Twins heading Spanish energy ministry

Daniel Pérez, attorney at Holtrop S.L.P, told PV Tech that the industry will be relieved that Alberto Nadal was not appointed minister. Flickr: fdecomite

Twin brothers are now running Spain’s energy ministry with the surprise appointment of Alvaro Nadal as the new Spanish energy minister.

Formerly director of the economic bureau of the president, Alvaro Nadal takes charge of the country’s energy policy over and above his twin brother Alberto Nadal, who will remain in his current role as secretary of state for energy. However, Alberto may still be moved to another position as Spain’s new government takes shape over the next two weeks.

Spain has been without a government since last year, but has allowed for a minority government ruled by the conservative Partido Popular party to finally take over. The new government could see in major utility-scale renewables tenders and the surprise repeal of the infamous ‘Sun Tax’ on self-consumption.

Daniel Pérez, attorney at Holtrop S.L.P, told PV Tech that the industry will be relieved that Alberto was not appointed minister, “because he has something personal against renewables”.

Perez added: “Anyone apart from him is better. That’s important. Most associations will say that this guy is against renewables.”

Alvaro Nadal was not part of the severe cutbacks against solar seen over the last few years even though he was advising president Mariano Rajoy and would have been aware of the policies, said Perez. Alvaro Nadal also has a reputation for being more open to dialogue than his twin brother. It will now be up to Alvaro to choose whether to keep his twin as secretary of state for energy or not and this could signal whether the previous anti-renewables politics will be maintained of upheaved.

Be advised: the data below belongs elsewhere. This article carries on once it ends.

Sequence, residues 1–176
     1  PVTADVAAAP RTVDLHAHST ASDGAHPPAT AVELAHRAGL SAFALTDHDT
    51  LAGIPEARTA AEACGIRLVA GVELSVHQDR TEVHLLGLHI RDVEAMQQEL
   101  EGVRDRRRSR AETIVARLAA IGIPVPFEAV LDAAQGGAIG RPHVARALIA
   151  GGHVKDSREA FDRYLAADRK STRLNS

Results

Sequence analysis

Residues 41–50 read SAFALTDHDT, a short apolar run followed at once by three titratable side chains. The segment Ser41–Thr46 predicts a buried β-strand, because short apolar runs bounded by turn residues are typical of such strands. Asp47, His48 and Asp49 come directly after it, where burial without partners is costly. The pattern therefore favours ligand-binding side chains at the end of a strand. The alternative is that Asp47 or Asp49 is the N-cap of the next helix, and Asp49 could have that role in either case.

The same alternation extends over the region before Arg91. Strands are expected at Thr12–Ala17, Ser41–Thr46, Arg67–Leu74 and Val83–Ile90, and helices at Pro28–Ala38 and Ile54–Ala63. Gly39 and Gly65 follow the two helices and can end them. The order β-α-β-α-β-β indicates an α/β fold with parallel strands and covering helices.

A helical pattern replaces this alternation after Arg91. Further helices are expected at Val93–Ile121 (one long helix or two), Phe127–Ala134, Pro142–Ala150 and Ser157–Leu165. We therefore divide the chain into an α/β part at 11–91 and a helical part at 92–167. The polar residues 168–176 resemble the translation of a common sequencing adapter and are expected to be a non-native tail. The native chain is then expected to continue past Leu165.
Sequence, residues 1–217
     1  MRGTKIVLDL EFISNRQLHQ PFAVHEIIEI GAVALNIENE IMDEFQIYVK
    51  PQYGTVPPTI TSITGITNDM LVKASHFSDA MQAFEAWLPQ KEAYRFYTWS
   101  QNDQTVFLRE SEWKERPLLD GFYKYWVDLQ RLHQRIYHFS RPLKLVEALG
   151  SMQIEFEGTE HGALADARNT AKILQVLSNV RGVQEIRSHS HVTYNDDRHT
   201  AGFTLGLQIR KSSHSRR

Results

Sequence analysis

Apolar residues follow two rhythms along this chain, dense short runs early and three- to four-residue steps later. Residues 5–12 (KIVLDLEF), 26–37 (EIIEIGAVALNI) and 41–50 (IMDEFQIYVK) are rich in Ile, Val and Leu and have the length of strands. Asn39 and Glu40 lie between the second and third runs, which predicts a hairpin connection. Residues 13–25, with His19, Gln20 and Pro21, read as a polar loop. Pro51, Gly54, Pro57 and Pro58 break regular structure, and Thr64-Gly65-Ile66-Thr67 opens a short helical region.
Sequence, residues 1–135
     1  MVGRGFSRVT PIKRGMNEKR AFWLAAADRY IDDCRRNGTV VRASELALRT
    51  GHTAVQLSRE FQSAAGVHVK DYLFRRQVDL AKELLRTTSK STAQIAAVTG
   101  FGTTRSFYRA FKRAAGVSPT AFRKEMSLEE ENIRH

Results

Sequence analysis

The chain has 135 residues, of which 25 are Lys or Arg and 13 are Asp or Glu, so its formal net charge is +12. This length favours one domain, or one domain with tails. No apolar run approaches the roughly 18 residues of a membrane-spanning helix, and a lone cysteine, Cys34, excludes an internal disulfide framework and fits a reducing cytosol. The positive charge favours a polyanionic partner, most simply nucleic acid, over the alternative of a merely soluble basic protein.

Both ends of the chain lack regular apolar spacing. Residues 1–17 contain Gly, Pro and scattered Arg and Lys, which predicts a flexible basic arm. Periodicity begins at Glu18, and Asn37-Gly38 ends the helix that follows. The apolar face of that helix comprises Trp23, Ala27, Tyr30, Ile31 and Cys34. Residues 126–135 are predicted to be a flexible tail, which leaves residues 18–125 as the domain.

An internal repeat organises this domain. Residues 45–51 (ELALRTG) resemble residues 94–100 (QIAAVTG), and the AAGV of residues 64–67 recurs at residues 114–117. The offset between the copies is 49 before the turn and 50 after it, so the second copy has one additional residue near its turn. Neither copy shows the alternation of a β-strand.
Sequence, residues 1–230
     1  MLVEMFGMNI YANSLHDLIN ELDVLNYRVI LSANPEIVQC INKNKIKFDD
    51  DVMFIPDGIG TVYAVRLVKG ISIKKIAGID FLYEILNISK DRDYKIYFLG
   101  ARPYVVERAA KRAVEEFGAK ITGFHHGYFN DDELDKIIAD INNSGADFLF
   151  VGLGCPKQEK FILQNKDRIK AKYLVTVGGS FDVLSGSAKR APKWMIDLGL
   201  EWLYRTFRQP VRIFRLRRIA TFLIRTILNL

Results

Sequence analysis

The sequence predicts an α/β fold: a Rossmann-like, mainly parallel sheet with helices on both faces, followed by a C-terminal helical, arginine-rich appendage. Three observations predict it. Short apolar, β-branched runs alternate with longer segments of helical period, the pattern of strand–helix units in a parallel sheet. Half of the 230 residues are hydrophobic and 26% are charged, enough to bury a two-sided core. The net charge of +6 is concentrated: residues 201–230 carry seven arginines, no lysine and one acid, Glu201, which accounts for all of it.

Most commentators in Spain expect Alberto to be moved to another post, added Perez.

Spanish solar association (UNEF) general director José Donoso, said: “The solar sector is not asking the Government to put in place special conditions or treatment for renewable energy. It is asking not to place obstacles to the development of this clean technology, which is experiencing a remarkable growth at international level.”

This article has been updated to include comment from UNEF.

Read Next

September 28, 2022
Queensland gets about 21% of its energy from renewables, but the state government has just set an increased target of 70% renewables by 2032.
September 27, 2022
Greek developer Mytilineos has completed third-party engineering, procurement and construction (EPC) contracts on a backlog of solar PV projects in Chile, Uzbekistan and Spain.
September 27, 2022
The European Technology and Innovation Platform for Photovoltaics (ETIP PV) has been relaunched to advise policymakers and promote the uptake of solar across Europe.
September 26, 2022
Plenitude, a renewables subsidiary of oil major Eni, has partnered with IPP Infrastrutture to develop 1.5GW of solar PV and wind projects in Italy and Spain.
PV Tech Premium
September 23, 2022
Plans for a temporary revenue cap on solar PV assets across the European Union (EU) could dent investor confidence in renewables, experts have warned, amid concerns that individual member states may be able to set lower caps specific to different technologies.
September 22, 2022
Parts of a new US energy permitting bill that aim to accelerate the construction of transmission infrastructure have been welcomed by trade association ACORE.

Subscribe to Newsletter

Upcoming Events

Solar Media Events
October 4, 2022
New York, USA
On-Demand Webinars, Solar Media Events
October 11, 2022
Virtual event
Upcoming Webinars
October 18, 2022
10am (EDT) / 4pm (CEST)